I have discussed the miracle of compounding interest before in regards to individuals and to whole civilizations. It is an important concept to learn when you are young. You can benefit a great deal from understanding the power of compounding interest. Those who don’t grasp the concept are bound to make bad decisions in life.
Compounding interest applies to other things aside from your individual investments. While there may not be any numbers associated with this, compounding interest often occurs with learning. It can also occur with starting a business or with taking up a hobby.
The whole concept could apply, at least in a sense, to someone learning how to surf. The person might be really bad the first time he goes out in the ocean with a board. It may take many times going out there before he ever catches his first wave. But as he practices and puts his time in, he slowly gets better and better. It is no coincidence that many of the great athletes in this world started when they were young.
Back to the idea of investing, is compounding interest still beneficial in an environment of low interest rates? Currently, putting money in a cd or a savings account in the bank will barely make any interest. In fact, if you factor in price inflation, you are probably losing money.
But I ask, what is the alternative? Are you better off going into debt? Are you better off having little or no savings?
Another thing to consider is that interest rates will not always remain low. If and when rates go up, you don’t want to be in a position where you are heavily indebted, especially if the rate is not fixed. Imagine having credit card debt or some other variable rate loan.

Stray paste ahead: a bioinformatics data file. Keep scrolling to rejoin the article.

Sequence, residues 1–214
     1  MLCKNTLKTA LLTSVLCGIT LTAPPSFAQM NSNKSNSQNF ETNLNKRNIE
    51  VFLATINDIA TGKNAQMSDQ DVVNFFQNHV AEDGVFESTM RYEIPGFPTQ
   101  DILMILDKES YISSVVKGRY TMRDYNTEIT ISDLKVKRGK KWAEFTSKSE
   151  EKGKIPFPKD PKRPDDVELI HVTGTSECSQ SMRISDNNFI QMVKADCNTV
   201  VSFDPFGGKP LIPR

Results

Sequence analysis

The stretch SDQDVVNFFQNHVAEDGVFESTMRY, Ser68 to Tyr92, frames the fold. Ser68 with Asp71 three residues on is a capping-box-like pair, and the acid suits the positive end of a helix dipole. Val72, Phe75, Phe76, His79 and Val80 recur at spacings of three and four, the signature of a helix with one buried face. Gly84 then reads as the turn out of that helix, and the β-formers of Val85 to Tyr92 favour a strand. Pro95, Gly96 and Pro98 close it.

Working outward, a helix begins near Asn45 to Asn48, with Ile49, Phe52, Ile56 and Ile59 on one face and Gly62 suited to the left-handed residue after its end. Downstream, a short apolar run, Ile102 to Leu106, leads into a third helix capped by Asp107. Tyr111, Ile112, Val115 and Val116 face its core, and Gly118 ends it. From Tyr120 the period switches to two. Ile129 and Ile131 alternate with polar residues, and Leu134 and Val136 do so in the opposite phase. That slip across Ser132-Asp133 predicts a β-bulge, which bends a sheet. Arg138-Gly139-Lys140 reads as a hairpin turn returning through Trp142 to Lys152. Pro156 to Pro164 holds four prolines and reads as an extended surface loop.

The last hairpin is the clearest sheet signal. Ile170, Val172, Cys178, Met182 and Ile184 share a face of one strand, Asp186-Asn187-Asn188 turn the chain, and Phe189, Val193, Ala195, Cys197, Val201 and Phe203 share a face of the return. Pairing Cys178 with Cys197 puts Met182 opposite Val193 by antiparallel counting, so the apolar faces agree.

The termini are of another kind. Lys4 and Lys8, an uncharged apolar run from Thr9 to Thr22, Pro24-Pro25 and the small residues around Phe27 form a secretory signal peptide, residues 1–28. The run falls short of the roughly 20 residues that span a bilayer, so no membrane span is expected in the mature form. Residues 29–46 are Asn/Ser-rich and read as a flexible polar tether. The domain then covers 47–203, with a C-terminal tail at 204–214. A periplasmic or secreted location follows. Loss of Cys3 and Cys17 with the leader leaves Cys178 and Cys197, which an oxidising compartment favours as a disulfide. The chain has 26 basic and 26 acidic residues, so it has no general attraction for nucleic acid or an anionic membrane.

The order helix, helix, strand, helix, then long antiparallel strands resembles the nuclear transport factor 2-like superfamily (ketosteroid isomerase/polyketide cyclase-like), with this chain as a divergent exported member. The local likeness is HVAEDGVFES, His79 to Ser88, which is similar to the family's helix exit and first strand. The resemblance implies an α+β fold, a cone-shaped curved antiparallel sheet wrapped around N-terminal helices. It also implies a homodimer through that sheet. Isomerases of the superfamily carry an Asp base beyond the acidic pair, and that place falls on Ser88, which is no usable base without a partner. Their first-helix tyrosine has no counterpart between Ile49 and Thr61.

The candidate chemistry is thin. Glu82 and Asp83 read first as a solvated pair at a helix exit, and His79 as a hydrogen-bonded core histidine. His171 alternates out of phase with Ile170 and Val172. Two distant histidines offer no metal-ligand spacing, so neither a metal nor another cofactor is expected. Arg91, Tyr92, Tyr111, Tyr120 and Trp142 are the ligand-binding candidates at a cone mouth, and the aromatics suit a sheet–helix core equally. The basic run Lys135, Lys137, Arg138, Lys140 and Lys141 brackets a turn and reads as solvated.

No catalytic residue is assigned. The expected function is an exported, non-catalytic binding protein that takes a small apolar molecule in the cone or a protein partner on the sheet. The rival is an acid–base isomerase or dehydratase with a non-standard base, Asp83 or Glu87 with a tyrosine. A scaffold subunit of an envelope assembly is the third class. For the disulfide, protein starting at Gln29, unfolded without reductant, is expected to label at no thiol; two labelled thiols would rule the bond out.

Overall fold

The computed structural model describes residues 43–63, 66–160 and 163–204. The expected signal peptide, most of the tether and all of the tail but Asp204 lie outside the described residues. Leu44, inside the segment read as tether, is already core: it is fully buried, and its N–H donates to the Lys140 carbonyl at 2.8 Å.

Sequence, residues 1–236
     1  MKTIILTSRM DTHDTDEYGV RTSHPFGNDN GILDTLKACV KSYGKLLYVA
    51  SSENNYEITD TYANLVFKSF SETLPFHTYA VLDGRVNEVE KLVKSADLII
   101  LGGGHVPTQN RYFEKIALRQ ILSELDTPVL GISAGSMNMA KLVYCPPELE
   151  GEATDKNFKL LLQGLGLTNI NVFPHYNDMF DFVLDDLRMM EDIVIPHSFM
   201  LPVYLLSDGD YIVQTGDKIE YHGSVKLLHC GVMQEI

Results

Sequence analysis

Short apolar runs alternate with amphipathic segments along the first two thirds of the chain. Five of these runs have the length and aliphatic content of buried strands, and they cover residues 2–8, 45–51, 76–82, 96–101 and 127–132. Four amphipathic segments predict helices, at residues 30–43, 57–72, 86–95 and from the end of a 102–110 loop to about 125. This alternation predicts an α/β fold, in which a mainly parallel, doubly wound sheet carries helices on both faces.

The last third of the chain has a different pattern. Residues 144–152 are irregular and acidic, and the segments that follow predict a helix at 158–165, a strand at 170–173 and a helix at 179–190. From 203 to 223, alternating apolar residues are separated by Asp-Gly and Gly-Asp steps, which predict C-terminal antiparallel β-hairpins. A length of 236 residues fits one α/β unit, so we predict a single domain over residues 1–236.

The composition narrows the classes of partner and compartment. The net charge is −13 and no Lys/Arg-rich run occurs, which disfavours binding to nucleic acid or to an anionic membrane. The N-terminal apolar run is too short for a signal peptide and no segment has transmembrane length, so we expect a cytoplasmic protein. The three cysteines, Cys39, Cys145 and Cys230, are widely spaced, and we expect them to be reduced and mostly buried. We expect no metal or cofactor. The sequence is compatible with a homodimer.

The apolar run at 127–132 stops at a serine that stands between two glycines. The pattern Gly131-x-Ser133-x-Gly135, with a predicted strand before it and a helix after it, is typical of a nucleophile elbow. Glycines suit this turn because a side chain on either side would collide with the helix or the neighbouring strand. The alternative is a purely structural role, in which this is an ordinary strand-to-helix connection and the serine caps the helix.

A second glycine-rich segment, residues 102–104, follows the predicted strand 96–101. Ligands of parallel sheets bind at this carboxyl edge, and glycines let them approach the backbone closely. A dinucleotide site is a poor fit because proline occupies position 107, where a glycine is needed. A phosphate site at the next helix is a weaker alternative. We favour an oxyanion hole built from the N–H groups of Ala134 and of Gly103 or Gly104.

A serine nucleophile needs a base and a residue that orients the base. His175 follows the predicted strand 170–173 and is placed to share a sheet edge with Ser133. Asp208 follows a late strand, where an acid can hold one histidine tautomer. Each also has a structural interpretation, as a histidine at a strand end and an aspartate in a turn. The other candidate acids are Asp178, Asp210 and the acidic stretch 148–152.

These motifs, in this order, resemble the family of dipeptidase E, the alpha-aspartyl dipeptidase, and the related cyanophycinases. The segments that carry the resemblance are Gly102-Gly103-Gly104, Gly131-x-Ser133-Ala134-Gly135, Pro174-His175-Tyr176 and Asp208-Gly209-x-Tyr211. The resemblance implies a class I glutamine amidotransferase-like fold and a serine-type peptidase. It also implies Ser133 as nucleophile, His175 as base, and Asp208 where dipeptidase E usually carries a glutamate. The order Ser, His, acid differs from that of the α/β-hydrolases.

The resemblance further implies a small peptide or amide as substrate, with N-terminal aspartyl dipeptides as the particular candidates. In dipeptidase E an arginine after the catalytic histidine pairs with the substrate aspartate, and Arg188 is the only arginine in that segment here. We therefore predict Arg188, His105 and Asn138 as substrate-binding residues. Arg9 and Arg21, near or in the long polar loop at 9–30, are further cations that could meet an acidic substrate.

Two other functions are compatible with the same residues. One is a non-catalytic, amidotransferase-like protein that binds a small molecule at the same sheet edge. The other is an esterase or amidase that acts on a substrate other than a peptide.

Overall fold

On the other hand, if and when rates go up, having money set aside will be beneficial. You can start earning those higher rates of return instead of paying them to creditors.
Of course, an important point is that you don’t have to put your money in the bank. You can put it in a setup like the permanent portfolio as described in Harry Browne’s book Fail-Safe Investing.
I am also a big fan of real estate, especially in the post-bubble world. Mortgage rates are incredibly low and you can find some real bargains in many parts of the U.S. Many people are finding they can buy a place and get a return of 10% or more from the rent. In addition, they are getting their mortgage amount paid down each month. This in itself is a form of compounding interest.
In conclusion, just because we are currently in a low interest rate environment, it doesn’t mean that you shouldn’t save money. While it is harder to get ahead, it is not impossible. And you are better off saving a little than nothing at all. When rates do go up, you will be better off with savings. If it is in a highly inflationary environment, you can buy hard assets to protect yourself. So while compounding interest may not seem to be beneficial right now, it can still work miracles for us over time, whether it is with your money or learning a new skill.